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Focusing on Service in the Registrar’s Office - Part 3: One-Stop Student Service

J. James Wager, Consultant & Education Strategist

March 28, 2017

A One-Stop Student Service Center provides a student-centered approach to delivering services by combining traditional services under one roof or by utilizing highly developed online student portals. The approach replaces traditional service silos with an effective cross-functional service organization.

Service Centered
Colleges and Universities have traditionally structured themselves as service centered organizations.  This may be a result of tradition, campus politics, or protecting administrative turf.  The outgrowth of this traditional organizational design has resulted in commonly named offices including Registrar, Bursar, Admissions, Financial Aid, Housing, and Student Affairs.  This organizational approach enables each office to maximize their approach to internal structure, the efficient delivery of their service responsibilities, and to earnestly focus on their core processes.  This traditional approach also provides opportunity to engage, compare, and contrast their functional office with other similar offices at other schools.

The unintended outcome is the establishment of “organization silos”; the array of independent internal organizations that each maximize adherence to policies, rules, and procedures and compromise cross-functional student service.  A somewhat comical question I was often asked was, “What is a Registrar”.  To be followed by “I have never head of a Bursar”.  Beyond the obvious confusion over titles, the deeper question was always, “How can these (or other) offices resolve my problem?”  It is never the case where a service centered organization does not want to help a student, but rather there is an inherent barrier to help because of organizational boundaries. 

Student issues always transcend organizational boundaries.  A student cannot complete the admission decision process until a financial aid package is presented.  Registration is delayed until the student pays tuition, but out-of-pocket charges are awaiting the award of a scholarship.  Release of a transcript is blocked because of a financial hold due to unpaid parking fines.  And the list goes on.  In so many cases, the resolution of a problem requires the student to understand the school’s organization and to then work with multiple offices to achieve problem resolution.  Not a good approach.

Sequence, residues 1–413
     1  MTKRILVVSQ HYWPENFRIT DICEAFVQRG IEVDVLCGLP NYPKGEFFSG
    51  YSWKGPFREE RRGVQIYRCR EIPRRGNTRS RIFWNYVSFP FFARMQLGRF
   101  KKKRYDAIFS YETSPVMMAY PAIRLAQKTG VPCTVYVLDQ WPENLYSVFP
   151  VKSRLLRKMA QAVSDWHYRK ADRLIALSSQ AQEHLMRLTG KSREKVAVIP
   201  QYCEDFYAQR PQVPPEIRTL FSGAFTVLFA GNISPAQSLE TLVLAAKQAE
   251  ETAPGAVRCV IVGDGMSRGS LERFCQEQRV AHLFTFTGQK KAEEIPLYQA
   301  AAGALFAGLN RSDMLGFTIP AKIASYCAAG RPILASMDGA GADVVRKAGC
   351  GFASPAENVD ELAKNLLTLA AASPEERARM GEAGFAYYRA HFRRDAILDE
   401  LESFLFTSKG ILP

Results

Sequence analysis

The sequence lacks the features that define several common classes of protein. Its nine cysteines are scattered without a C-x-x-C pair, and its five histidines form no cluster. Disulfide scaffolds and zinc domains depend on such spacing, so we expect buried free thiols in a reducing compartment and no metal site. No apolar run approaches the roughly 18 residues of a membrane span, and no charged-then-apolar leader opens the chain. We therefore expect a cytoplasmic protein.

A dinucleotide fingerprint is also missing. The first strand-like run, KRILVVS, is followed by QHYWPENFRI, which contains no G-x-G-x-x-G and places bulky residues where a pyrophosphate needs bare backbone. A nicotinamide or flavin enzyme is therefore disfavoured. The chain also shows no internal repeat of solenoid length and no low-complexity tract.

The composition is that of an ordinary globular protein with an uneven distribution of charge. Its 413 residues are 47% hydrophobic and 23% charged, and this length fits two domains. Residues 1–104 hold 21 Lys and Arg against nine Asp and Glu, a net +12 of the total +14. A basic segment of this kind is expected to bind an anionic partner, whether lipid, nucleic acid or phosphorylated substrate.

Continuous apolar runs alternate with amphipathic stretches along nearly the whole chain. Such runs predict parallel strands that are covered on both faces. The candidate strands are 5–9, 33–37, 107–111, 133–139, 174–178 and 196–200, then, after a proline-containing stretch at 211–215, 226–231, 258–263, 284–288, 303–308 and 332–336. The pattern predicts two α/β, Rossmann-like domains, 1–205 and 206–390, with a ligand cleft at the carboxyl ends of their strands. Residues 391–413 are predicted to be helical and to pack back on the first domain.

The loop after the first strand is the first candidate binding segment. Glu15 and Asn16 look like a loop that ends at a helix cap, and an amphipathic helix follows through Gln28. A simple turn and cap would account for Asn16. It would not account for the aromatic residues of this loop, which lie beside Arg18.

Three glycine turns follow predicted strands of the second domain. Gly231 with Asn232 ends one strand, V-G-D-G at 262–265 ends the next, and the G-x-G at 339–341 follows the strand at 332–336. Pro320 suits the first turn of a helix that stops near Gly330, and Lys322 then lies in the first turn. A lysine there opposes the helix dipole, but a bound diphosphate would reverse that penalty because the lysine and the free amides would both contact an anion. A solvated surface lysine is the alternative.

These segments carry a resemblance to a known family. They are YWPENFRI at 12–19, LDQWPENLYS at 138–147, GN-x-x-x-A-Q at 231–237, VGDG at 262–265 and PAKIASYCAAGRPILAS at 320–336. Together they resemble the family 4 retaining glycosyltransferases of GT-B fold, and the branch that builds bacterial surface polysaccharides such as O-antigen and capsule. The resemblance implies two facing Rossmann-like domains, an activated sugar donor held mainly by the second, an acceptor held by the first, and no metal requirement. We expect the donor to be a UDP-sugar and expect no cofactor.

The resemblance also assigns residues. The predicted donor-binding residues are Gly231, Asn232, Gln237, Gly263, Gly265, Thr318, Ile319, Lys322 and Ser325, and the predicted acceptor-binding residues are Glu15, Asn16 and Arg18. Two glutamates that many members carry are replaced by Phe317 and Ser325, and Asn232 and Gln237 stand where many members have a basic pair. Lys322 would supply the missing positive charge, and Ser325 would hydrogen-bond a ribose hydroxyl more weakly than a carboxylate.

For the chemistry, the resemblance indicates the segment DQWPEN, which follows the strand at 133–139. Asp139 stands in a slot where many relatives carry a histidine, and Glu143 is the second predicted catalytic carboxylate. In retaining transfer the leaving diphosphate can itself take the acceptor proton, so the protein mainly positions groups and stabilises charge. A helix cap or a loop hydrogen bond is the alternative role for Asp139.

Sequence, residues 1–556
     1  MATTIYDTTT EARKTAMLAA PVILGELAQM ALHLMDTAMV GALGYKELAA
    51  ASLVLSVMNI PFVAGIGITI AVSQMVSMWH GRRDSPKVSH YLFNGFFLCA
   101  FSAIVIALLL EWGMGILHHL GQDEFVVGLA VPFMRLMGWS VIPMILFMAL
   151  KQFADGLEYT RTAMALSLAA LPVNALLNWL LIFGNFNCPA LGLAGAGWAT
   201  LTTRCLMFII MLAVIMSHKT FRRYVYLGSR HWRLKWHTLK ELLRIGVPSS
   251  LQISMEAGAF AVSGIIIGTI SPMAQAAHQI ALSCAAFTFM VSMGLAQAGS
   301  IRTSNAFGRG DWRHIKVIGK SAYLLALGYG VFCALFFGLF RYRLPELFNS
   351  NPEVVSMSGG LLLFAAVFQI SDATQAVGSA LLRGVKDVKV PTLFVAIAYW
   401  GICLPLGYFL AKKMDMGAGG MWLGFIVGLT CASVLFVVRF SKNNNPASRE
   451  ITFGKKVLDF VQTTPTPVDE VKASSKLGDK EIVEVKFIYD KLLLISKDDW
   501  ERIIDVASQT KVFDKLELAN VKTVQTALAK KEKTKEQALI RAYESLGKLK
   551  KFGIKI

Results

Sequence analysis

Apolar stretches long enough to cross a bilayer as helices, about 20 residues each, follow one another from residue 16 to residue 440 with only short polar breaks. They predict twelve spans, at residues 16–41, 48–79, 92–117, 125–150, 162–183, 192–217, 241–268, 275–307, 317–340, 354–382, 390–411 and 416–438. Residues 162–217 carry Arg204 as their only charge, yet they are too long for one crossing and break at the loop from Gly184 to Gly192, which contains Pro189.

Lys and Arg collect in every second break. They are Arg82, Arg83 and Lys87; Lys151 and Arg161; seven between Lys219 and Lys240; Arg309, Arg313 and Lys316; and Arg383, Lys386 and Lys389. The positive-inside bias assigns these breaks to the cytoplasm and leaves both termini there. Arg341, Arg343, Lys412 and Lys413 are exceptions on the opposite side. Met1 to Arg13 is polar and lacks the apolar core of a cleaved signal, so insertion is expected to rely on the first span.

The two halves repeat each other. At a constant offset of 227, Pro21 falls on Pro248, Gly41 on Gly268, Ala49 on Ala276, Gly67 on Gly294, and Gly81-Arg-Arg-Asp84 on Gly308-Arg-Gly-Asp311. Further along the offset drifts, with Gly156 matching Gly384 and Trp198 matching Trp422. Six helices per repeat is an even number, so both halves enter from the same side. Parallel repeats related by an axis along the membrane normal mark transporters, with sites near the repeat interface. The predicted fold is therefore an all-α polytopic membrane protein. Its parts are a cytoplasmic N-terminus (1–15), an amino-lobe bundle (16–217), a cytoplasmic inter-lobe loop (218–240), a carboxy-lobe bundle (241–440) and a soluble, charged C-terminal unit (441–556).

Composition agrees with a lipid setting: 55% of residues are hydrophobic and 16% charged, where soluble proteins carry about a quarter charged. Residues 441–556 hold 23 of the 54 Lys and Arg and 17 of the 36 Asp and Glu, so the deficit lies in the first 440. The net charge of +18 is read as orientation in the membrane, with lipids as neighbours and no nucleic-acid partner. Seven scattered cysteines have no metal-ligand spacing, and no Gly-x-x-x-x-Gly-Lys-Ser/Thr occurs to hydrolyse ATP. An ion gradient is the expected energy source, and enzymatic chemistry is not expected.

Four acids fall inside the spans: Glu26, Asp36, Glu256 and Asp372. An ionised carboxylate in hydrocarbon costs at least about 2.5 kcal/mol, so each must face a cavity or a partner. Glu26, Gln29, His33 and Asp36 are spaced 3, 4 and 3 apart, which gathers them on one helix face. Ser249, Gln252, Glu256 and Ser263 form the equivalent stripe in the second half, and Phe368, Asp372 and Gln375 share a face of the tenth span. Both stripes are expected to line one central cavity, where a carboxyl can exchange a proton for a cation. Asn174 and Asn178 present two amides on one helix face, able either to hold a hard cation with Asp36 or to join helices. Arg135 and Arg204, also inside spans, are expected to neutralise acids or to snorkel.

Student Centered
The one-stop student service approach takes a very different look at organizing, staffing, and the delivery of service.   Traditional organizational boundaries and the untended organizational silos are eliminated; the one-stop organization takes on a horizontal dimension and not a vertical dimension. The one-stop organization is equipped with cross-trained staff capable of engaging in a wide array of issues.  While policies, rules, and procedures may be unchanged, the one-stop staff have the authority to engage in “school level” decisions that provide maximum service to students.

The one-stop approach is deeper than just cross-training front-line staff. This organizational approach opens genuine possibilities to simplify work-flow issues, present unified Web pages, consistent communications, and improved feedback to campus administrators of critical student needs. 

Physical and Virtual
It is best to think of a one-stop design as having two delivery points:  a physical location where a student may visit and interact with staff, as well as a virtual portal where a student may engage to accomplish their goal.  While there are obvious differences between physical and virtual, the one-stop approach can effectively integrate both delivery components.

The physical component will be most attractive to the high-touch student.  Practical issues of staffing, cross-training, supervision, salary equity, office space, and location need to be addressed.  The location of the one-stop office needs to be convenient for students to visit – near the center of campus, on bus routes, with available parking, etc.  The hours of the physical office will be limited; staffing on a 24x7 basis is not practical.   A physical office should be supported by a call-center that is available during normal office hours, and ideally beyond normal office hours.  Consideration needs to be given to working students, off-campus students, military students, and other student groups to provide them access to the one-stop office.

The virtual component will be most attractive to the high-tech student.  The virtual component is delivered through a fully developed, interactive, and secure Web portal.  The primary advantage of the virtual component is anywhere/anytime accessibility.  Fully developed portals can be optimized for use by all devices, have the potential to be presented in multiple languages, and provide support through live-chat sessions

The one-stop approach is an obvious advantage for both the student and the school. Improved student satisfaction translates to improved retention rates.  Cost savings can be realized through the elimination of duplicated services and improved organizational efficiencies. 

In the next article, I will examine the Registrar’s role within the office, the campus, and the academy.

Part 1: The User Experience
Part 2: Continuous Quality Improvement
Part 3: One-Stop Student Service
Part 4: The Sphere of Influence
Part 5: Constituent Relationship Management
Part 6: Staffing and Organizational Structure

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